Fluency and disfluency are characteristic of online language production and may be signalled by markers such as filled and unfilled pauses, discourse markers, repeats or self-repairs, which can be said to reflect ongoing mechanisms of processing and monitoring. The Fluency & Disfluency across Languages and Language Varieties conference... Lire la suite
Fluency and disfluency are characteristic of online language production and may be signalled by markers such as filled and unfilled pauses, discourse markers, repeats or self-repairs, which can be said to reflect ongoing mechanisms of processing and monitoring. The Fluency & Disfluency across Languages and Language Varieties conference held at the University of Louvain in February 2017 marked the closing of a five-year research project dedicated to the multimodal and contrastive investigation of fluency and disfluency in (L1 and L2) English, French and French Belgian sign language, with a focus on variation according to language, speaker and genre. The closing conference was intended as an opportunity to further expand the range of languages, language varieties and genres studied from the (dis)fluency perspective. The selection of papers in this volume re ects the diversity of approaches aiming to uncover the ways in which fluency and disfluency are conceived in language production and comprehension and how they are signalled. Topics include methodological challenges in cross-linguistic (dis)fluency research, the role of contextual features in professional and non-professional settings, and the characteristics of fluency and disfluency in second language speech. Of particular importance in all contributions is the ambivalent role of pauses, discourse markers, repeats and other markers, which can be both a symptom of encoding difficulties and a sign that the speaker is trying to help the hearer decode the message. They should thus be interpreted in context to identify their contribution to fluency and/or disfluency, which can be viewed as two sides of the same coin.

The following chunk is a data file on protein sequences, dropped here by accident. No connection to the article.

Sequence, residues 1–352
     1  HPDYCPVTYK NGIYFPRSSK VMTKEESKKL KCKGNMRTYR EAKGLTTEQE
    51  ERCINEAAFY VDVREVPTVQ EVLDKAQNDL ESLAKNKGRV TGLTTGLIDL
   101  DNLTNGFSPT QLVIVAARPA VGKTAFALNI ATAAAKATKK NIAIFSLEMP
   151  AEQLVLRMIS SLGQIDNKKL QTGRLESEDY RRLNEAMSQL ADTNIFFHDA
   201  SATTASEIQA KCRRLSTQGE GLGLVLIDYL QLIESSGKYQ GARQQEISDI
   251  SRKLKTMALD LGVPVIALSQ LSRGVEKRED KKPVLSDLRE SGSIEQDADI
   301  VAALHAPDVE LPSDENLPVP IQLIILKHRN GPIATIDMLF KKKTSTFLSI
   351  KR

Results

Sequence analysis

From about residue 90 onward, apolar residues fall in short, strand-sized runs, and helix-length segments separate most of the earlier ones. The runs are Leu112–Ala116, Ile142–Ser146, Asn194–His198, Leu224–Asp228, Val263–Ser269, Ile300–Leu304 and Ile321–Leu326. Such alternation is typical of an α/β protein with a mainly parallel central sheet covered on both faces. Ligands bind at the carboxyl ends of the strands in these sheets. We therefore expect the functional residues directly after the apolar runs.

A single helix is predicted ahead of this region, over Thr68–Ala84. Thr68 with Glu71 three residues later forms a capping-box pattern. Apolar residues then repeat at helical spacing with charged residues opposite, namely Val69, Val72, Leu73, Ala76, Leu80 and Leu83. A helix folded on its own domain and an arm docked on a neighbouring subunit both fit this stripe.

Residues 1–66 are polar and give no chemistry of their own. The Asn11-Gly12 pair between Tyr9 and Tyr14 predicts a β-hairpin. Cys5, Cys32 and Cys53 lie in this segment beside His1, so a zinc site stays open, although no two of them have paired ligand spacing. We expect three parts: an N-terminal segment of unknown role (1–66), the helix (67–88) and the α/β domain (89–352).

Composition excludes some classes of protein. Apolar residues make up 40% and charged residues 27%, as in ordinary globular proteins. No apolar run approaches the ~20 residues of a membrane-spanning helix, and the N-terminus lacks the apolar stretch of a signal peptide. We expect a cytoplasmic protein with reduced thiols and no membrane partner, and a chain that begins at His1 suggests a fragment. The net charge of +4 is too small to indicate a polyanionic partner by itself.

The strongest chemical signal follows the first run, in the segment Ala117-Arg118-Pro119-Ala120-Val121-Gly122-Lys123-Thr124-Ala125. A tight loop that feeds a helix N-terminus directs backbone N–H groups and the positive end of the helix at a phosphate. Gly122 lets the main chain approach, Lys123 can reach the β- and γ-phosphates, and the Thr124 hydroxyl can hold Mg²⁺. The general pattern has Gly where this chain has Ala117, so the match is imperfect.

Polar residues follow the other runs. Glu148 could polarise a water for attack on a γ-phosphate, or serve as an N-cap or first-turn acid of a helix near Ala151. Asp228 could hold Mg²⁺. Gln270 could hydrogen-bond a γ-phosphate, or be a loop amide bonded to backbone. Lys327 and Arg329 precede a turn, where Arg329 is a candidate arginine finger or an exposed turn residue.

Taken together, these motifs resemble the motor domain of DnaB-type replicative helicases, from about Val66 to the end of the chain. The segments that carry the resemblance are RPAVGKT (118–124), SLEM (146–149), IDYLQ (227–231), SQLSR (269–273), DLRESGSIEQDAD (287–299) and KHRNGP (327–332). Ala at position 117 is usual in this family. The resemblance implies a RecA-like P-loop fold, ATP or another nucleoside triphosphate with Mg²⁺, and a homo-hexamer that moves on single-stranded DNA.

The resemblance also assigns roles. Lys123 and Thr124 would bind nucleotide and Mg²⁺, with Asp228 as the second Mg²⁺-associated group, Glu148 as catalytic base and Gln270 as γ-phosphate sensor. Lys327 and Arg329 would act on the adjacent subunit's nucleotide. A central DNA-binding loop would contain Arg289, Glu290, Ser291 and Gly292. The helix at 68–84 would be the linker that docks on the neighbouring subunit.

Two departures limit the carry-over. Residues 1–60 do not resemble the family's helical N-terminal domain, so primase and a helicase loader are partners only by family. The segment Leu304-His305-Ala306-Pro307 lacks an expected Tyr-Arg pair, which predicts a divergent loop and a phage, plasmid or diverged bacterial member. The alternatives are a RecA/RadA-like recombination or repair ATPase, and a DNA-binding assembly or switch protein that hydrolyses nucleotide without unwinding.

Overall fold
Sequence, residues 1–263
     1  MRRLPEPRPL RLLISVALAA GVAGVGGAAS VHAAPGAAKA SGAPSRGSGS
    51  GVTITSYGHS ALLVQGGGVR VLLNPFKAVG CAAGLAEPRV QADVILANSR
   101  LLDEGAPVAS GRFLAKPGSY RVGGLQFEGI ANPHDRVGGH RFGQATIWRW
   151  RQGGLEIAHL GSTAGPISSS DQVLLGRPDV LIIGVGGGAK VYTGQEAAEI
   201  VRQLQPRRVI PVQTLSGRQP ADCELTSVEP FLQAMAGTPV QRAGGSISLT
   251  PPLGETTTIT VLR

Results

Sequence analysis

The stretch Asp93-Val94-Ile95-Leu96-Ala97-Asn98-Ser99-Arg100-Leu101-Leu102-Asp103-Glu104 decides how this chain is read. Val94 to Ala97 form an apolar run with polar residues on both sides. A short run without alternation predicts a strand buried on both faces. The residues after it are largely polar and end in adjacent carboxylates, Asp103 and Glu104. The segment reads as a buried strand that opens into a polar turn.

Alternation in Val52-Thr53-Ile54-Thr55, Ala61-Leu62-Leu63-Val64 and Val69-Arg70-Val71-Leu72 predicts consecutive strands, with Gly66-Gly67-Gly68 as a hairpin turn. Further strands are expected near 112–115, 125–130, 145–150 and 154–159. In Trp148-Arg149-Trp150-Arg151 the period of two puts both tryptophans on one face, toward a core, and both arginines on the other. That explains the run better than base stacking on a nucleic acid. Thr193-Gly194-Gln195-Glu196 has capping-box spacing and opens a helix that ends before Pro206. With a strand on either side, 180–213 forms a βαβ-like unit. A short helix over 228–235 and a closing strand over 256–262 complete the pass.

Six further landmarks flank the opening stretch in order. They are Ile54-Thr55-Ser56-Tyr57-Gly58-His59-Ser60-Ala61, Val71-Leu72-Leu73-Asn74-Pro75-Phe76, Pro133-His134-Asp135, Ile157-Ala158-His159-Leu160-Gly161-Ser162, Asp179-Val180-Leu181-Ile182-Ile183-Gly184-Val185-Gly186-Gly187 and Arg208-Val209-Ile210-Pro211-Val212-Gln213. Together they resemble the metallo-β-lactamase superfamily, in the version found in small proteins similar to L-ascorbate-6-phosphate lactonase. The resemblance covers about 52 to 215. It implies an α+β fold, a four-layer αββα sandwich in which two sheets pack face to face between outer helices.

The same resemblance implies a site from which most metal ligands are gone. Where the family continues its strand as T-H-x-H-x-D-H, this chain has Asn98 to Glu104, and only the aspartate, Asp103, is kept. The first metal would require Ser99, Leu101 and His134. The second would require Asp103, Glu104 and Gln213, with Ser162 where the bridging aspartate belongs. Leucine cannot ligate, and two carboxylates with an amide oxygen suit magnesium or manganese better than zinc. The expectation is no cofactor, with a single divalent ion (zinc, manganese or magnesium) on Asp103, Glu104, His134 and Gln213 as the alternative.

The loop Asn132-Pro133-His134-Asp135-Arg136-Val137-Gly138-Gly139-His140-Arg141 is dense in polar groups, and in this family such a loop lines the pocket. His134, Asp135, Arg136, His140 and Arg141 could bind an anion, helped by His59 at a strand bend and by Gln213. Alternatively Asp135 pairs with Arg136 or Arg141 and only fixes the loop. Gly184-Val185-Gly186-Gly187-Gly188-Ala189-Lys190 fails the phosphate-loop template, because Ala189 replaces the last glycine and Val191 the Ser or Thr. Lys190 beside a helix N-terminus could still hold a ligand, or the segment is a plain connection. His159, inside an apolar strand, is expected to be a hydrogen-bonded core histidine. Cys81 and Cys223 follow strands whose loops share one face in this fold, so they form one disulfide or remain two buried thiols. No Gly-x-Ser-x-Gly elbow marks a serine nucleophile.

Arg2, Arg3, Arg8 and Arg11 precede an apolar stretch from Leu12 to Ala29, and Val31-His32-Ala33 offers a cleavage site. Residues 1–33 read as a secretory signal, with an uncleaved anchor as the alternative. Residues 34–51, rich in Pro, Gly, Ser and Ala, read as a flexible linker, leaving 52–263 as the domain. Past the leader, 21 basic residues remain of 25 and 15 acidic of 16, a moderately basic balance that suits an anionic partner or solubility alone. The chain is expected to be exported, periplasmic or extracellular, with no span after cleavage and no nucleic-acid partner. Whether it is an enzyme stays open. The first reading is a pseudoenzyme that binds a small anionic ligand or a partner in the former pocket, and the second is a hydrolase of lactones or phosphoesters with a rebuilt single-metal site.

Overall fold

Liesbeth DEGAND, Gaëtanelle GILQUIN, Laurence MEURANT & Anne Catherine SIMON
Section 1. Methodological issues in (dis)fluency research
(Dis)fluency across spoken and signed languages: Application of an
interoperable annotation scheme
Ludivine CRIBLE, Amandine DUMONT, Iulia GROSMAN & Ingrid NOTARRIGO
Methodological concerns for investigating pause behavior in spoken corpora
Hege Larsson AAS & Susan NACEY
Section 2. Fluency and disfluency in context
Should 'uh' and ‘um’ be categorized as markers of disfluency? The use of fillers in a challenging conversational context
Loulou KOSMALA & Aliyah MORGENSTERN
When and why do old speakers use more fillers than young speakers?
Lucie ROUSIER-VERCRUYSSEN, Anne LACHERET-DUJOUR & Marion FOSSARD
Suspensive and disfluent self interruptions in French language interactions
Berthille PALLAUD, Roxane BERTRAND, Philippe BLACHE, Laurent PRÉVOT & Stéphane RAUZY
Towards a comprehensive notion of fluency in simultaneous interpreting: Observational and experimental studies
E. Macarena PRADAS MACÍAS
Fluency in Aviation English: The path to its description through corpus linguistics
Malila Carvalho de Almeida PRADO
Section 3. Fluency and disfluency in L2 speech
Do learning context variables have an effect on learners’ (dis)fluency?
Language-specific vs. universal patterns in advanced learners’ use of filled pauses
Complexity and fluency in L2 speech: Considering L1 speech patterns and L2 proficiency
Ralph L. ROSE
Repeats in native and learner English
Tomáš GRÁF & Lan-fen HUANG
‘The (er) justice (er) the dep= you know the what’s it called’
The (dis)fluency of you know in learner and native English
Asymmetric self-repair in gender attribution
Foreign words in EFL learner interviewee speech: Lending learners a productive fluency helping hand?
Sylvie DE COCK